Human spasmolytic polypeptide decreases proton permeation through gastric mucus in vivo and in vitro

Shin Tanaka, Daniel K. Podolsky, Eli Engel, Paul H. Guth, Jonathan D. Kaunitz

Research output: Contribution to journalArticlepeer-review

63 Scopus citations


Exogenously administered trefoil peptides are gastroprotective in rat injury models. We hypothesized that trefoil-associated gastropretection occurred by decreasing the rate of proton permeation through mucus. Gastric surface cell intracellular pH and mucus gel thickness were measured by in vive microscopy. Gastric mucosal blood flow was measured by laser-Doppler flowmetry. The effect of human spasmolytic peptide (hSP) on H+ diffusion through 5% purified porcine mucin was measured using an Ussing chamber. Buffering action of mucin was measured by titration. In vitro, gastric mucosal blood flow and mucus gel thickness were not affected by any of the treatments. Topical hSP, but not intravenous hSP, decreased initial acidification rate and elevated the intracellular pH of gastric surface cells during luminal acid challenge. In in vitro studies, hSP dose dependently decreased the diffusion coefficient of H+ through 5% porcine mucin solution. hSP had no significant effect on the buffering action of mucin solutions. These data support our hypothesis that hSP interacts with gastric mucin in a manner that inhibits proton permeation through the mucus gel layer.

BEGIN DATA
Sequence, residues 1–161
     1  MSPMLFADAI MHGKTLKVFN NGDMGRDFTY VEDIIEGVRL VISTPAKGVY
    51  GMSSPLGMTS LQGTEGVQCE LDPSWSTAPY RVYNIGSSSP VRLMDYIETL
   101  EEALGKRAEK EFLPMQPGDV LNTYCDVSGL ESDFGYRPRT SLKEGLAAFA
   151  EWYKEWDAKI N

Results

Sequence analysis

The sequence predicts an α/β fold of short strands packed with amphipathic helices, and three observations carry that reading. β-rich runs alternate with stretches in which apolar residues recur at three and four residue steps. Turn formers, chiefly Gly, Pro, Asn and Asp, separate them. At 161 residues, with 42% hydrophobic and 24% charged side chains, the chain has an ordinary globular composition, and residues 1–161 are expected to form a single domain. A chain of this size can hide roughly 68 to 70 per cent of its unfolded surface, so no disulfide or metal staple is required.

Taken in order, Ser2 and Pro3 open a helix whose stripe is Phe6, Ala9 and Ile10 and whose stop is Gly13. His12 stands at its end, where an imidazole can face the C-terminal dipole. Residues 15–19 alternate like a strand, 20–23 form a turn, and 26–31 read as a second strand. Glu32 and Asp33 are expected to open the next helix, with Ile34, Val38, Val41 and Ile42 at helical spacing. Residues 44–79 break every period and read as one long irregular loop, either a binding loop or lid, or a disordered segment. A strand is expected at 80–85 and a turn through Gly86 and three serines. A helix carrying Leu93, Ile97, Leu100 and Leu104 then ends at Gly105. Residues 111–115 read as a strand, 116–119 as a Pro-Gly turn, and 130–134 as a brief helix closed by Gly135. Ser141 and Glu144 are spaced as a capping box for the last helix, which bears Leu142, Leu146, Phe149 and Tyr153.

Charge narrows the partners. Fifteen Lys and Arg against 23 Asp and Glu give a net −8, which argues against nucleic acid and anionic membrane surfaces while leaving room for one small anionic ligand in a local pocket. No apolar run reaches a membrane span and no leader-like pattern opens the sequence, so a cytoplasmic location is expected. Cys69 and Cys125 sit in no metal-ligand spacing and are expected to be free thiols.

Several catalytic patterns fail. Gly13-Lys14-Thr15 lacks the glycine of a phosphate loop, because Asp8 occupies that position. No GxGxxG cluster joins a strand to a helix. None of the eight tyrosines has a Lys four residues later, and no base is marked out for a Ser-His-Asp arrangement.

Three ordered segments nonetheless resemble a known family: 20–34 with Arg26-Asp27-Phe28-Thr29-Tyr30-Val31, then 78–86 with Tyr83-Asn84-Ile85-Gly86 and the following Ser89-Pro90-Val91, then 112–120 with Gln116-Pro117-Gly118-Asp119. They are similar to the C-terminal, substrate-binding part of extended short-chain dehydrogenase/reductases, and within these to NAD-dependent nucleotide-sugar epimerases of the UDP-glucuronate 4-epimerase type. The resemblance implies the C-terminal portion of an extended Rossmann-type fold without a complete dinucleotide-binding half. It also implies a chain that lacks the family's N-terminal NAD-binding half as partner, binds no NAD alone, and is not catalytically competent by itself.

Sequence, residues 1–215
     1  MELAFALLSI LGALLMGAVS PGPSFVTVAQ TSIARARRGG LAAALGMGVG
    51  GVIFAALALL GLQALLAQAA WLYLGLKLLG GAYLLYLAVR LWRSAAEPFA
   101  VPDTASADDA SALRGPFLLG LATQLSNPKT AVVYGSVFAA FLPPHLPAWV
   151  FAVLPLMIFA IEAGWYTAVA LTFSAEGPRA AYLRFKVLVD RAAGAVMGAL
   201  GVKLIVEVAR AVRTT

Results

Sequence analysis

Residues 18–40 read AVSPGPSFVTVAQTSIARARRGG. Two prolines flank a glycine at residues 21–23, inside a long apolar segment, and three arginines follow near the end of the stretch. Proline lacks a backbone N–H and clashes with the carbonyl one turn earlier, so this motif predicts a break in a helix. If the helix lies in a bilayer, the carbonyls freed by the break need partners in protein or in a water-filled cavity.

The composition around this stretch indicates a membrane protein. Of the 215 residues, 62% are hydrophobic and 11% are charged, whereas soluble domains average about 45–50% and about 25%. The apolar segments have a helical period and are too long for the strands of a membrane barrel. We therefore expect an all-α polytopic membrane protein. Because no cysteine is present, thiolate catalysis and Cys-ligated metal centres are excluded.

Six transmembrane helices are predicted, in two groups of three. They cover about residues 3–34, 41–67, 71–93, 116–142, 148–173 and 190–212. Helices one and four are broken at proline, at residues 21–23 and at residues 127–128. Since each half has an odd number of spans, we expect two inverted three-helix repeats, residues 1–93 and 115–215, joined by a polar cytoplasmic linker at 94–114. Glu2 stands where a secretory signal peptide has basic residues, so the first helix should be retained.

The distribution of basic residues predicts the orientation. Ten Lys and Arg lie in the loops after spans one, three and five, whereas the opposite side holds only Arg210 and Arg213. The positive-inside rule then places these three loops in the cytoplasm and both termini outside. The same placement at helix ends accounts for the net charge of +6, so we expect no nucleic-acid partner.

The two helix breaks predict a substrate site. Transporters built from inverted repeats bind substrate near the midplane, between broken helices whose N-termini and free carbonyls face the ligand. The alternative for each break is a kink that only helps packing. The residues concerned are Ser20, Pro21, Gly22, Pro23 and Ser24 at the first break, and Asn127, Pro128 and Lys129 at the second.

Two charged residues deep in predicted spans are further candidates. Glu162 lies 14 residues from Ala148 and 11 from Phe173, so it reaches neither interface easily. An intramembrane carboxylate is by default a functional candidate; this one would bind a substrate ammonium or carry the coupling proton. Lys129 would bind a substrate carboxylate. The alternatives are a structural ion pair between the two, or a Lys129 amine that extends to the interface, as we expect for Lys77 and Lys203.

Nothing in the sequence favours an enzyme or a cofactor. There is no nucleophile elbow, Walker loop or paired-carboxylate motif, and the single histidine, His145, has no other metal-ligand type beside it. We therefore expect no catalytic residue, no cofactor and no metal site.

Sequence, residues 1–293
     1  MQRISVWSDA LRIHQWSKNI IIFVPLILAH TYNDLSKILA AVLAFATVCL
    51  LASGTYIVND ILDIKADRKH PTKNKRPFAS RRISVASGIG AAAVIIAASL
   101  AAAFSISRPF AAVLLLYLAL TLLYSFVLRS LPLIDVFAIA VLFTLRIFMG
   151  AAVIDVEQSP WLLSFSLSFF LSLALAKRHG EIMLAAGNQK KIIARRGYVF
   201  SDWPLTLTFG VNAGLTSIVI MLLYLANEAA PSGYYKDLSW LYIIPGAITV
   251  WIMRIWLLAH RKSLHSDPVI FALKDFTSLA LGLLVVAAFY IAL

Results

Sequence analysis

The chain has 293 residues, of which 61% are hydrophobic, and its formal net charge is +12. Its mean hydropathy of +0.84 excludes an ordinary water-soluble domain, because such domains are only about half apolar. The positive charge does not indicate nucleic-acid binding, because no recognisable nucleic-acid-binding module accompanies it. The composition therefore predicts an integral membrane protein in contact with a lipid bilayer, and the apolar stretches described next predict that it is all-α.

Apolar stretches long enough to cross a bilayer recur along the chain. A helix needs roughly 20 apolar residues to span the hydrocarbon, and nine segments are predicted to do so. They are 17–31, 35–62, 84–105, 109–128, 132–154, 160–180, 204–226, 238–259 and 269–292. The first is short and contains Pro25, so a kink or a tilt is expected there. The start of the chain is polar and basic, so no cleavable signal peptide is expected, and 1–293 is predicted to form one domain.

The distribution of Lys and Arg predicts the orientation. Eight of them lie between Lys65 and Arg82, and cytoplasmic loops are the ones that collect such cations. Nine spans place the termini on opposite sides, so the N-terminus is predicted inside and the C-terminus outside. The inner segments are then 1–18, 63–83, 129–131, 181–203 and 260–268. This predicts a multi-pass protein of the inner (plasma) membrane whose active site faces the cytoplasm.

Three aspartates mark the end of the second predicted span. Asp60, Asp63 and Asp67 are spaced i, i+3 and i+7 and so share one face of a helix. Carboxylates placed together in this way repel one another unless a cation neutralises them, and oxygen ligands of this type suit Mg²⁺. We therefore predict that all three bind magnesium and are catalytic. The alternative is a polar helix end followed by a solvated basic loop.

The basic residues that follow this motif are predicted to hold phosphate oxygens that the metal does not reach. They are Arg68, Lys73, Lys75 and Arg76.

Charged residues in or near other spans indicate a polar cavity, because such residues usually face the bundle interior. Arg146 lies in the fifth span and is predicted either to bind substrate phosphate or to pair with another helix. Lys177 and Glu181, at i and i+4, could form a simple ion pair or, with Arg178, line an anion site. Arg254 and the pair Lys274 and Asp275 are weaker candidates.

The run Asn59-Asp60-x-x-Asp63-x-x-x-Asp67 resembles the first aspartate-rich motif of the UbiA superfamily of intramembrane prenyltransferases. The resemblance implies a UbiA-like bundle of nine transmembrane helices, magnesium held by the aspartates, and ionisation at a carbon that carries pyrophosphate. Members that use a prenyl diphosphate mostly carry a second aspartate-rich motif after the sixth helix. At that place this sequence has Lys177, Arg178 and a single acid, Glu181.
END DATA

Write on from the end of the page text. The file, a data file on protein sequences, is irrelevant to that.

Original languageEnglish (US)
Pages (from-to)G1473-G1480
JournalAmerican Journal of Physiology - Gastrointestinal and Liver Physiology
Issue number6 35-6
StatePublished - Jun 1 1997


  • Fluorescein dyes
  • In vivo microscopy
  • Intracellular pH
  • Stomach
  • Trefoil peptides

ASJC Scopus subject areas

  • Physiology
  • Hepatology
  • Gastroenterology
  • Physiology (medical)


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